Tuesday, March 17, 2015

Yoga Studio Mural at Yogawood- the Process from Sketches to Painting

It's been a super busy last 4-5 months for me which has left little time to blog, but that's okay with me. As a full time freelancer, it seems like it's always feast or famine - everyone wants me to work for them at the same time, then I go through periods of little to no work. This summer will mark the beginning of my 3rd year freelancing, and I'm starting to get better at managing my workflow - next time I have a lull in work, I have quite a few personal projects to fill up my time! But anyway, back to the mural.....

My beloved Yogawood in Collingswood, NJ (my first real yoga studio "home"), moved to a new studio last November, and I was hired to create something for the new space. I had previously painted a large mural in their Riverton studio in 2011, and I was thrilled to be asked to work for them again. It was a long process from start to finish, including major color color change early on when the studio's freshly painted walls were repainted a lighter color, and an incredible 58 man-hours spent doing the actual painting. I was very thankful to have a painting assistant during each of my 5 painting sessions, as compared to the 2011 mural, which I painted almost completely by myself.

The project started in mid November, when I met with Yogawood owner, Beth Filla, got a tour of the space & discussed what her goals were for the project. She wanted something very different from the last mural, inspired by henna designs. She initially wanted it to be graphic & non-representational, but I suggested it might be nice to have an Indian temple wall. Years ago, when I lived in Philadelphia, I took yoga classes at a studio near Rittenhouse square, named the Yoga Loft. The entryway was painted beautifully like a temple, complete with elephants & and jungle plants. It was really unique and made a strong impression on me. When I tried to look up the the Yoga Loft at the start of the project, I found out it had closed down shortly after I stopped attending classes in 2008 or 2009, so any inspiration from the mural would just have to live on in my memories.

After the meeting, I sat down at my drawing desk with many different photos of henna designs & temple art for guidance and started drawing many pages of quick, compositional sketches. I probably did about 30 - 40 of these, to try to get all my good ideas out. 

After going through the drawings & picking out my favorites, I used multiple sheets of tracing paper to enlarge, refine, & ink them before scanning into the computer.
Using photoshop, I added colors & manipulated my drawings over a photo of the wall, creating a true preview of the final design. Having a digital version was also helpful for the actual painting, as I used a projector to make sure everything was properly positioned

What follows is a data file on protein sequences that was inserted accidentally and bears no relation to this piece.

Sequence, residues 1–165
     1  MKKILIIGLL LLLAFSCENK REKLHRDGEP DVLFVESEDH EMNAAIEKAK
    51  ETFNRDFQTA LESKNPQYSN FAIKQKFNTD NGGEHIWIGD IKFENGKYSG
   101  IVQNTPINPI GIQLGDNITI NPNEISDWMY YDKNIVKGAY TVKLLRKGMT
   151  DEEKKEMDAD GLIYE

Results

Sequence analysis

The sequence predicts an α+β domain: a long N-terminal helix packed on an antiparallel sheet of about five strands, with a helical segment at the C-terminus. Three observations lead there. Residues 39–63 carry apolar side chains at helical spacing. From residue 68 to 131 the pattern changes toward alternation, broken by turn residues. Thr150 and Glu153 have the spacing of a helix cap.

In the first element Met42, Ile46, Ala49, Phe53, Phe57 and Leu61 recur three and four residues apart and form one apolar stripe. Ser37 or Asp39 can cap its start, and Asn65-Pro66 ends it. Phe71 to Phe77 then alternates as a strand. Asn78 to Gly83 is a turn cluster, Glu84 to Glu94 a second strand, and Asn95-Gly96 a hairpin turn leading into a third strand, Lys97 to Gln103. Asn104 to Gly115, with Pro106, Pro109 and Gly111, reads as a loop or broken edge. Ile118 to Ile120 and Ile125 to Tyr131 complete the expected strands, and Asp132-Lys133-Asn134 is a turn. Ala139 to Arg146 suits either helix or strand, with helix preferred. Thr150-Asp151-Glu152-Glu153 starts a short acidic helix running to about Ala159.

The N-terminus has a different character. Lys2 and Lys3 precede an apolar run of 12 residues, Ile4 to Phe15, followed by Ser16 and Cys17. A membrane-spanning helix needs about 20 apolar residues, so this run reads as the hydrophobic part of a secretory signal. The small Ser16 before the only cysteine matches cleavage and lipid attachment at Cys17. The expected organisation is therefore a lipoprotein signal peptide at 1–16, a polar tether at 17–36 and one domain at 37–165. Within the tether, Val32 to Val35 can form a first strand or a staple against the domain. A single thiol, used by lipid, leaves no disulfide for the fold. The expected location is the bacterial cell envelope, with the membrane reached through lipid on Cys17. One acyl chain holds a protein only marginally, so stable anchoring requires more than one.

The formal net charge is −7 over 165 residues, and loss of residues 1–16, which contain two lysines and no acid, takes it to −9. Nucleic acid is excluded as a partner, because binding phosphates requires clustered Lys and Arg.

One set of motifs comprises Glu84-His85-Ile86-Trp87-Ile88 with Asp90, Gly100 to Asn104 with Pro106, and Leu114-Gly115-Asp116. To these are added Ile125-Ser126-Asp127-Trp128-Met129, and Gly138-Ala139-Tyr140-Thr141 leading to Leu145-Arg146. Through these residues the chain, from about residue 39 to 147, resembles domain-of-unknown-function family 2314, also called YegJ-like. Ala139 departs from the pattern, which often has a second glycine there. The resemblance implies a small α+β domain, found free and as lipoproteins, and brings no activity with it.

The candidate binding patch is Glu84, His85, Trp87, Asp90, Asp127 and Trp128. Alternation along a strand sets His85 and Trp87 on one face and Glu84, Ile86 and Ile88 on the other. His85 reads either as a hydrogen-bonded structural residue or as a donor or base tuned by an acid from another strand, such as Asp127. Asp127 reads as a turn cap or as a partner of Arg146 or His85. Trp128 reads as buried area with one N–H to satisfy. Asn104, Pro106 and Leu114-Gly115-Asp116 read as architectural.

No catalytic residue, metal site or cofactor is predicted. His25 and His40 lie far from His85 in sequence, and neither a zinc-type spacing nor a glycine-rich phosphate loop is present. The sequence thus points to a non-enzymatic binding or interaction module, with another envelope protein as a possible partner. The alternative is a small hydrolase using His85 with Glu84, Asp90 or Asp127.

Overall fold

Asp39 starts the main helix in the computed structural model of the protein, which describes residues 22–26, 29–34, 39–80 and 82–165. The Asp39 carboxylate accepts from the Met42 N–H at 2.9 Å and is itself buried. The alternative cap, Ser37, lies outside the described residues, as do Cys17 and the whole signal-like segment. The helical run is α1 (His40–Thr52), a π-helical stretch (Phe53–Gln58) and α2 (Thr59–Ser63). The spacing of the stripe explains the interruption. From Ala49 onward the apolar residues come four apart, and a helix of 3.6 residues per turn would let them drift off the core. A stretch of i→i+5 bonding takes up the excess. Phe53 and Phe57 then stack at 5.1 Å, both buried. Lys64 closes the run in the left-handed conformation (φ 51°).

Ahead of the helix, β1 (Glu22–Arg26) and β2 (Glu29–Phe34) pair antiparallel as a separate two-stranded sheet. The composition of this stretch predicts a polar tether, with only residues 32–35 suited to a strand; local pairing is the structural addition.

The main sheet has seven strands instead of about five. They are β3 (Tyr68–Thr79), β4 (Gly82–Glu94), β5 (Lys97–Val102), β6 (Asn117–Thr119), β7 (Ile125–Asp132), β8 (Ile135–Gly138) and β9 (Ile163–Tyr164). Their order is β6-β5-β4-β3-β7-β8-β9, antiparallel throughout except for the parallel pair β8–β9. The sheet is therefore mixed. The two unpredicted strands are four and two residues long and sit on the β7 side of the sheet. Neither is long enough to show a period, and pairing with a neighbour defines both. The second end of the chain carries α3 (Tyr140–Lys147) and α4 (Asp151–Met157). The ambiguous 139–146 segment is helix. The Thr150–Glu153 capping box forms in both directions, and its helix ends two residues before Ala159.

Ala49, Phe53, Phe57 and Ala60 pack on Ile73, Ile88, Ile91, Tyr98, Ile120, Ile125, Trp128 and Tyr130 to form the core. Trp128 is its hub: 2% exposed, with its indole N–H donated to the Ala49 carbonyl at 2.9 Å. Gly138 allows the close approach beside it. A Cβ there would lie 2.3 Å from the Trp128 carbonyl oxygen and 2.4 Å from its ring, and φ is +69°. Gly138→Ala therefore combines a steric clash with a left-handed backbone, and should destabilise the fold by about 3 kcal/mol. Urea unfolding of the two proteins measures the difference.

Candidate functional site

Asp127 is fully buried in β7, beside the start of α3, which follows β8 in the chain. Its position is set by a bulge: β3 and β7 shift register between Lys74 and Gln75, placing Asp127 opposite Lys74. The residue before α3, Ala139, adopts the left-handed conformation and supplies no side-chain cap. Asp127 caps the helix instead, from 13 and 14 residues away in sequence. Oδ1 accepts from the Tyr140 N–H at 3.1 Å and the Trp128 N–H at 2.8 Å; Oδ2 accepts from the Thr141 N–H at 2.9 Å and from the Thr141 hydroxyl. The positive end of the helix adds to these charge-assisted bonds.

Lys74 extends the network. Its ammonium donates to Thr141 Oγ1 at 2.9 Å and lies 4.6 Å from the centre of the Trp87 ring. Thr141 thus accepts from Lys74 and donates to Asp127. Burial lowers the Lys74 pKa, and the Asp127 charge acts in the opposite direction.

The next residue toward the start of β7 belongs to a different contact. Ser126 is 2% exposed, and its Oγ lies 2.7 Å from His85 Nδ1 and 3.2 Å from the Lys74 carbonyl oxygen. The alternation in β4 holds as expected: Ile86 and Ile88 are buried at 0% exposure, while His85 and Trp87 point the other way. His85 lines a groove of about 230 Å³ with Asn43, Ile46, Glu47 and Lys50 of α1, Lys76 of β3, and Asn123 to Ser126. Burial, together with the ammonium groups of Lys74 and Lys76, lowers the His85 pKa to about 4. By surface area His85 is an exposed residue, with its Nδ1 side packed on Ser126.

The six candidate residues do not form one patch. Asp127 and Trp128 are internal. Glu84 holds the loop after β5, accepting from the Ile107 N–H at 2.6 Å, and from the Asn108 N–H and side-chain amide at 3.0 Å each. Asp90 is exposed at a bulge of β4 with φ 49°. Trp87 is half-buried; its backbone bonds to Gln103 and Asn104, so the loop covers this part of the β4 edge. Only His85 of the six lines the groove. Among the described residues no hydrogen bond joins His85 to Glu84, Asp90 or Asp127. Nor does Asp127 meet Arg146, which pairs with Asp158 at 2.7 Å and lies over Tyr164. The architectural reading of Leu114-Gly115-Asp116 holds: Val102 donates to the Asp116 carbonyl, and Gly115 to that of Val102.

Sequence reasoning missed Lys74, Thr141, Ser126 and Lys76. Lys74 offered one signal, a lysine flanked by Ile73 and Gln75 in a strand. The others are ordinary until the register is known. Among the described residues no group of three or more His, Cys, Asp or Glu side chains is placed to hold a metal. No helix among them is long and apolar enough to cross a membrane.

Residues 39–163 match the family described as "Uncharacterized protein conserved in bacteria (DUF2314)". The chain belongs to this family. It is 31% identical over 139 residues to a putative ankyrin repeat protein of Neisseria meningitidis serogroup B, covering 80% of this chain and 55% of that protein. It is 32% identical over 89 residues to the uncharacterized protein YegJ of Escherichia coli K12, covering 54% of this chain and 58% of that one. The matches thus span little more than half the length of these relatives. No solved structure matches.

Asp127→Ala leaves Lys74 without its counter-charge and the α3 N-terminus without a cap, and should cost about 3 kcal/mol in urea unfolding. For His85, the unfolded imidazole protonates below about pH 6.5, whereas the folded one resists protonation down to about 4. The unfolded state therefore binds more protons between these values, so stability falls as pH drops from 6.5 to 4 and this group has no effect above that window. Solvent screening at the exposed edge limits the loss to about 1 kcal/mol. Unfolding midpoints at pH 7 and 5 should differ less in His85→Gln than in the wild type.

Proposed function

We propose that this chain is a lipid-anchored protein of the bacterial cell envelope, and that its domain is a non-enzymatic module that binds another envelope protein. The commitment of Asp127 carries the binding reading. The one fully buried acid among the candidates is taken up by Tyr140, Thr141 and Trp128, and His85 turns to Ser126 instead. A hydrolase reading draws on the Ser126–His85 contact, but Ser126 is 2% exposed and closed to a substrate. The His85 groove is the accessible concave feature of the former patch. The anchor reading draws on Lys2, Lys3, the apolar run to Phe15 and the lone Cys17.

If you look close, you can see the shadow from the projector, as I trace over the guides for the light purple color. I had used a projector with the 2011 mural, with great results. Using it with this project was not quite so easy. I separated the painting process by color, and for the first color, it went great. Trying to line up the projector for the next colors was much harder, as there were so many tiny details to the design, & moving the projector a few centimeters in the wrong direction would throw off the whole design. While I was still thankful to have it, I'm going to change my approach for the next mural project to avoid wasting so much time with projector set up - perhaps just using it to get a pencil drawing up on the wall, not paint.

Day 2 of painting we made lots of progress - I even crazily thought I might get it completed in 1 more session! Hah! I was still 4 sessions away at this point.

By the time we got to the mandala in the center, I had given up on using the projector, and utilized the old string/thumbtack circle method I learned in grade school it worked really well!

The door was another challenge - I couldn't use the projector because the design was so intricate & the door was too dark to properly project on (even using black background with white lines). I ended up just painting it freehand over the course of many, many hours. I suffered from OCD symptoms trying to get it perfect. I'm sure there is a yoga lesson in there, there is no such thing as perfect!

When we started applying the brown paint, progress seemed to come fast........

............but there was still lots of little details to get hung up on.

At the beginning on the last painting session, finishing seemed like an unattainable goal. Breathe, exhale, repeat.

But- just before midnight on the final day, things came together.

I was a bit loopy when this shot was taken - this is me trying to feign excitement, when all I felt was fatigue, lol. Thanks to my sister, Ali Lopez, for taking it, as I was really to pack up & go with no photos.  I still have to get back there & take some nicer shots for my portfolio & new website. The new website that I've been (not) working on since July, ahh. 

But that's a story for another post....
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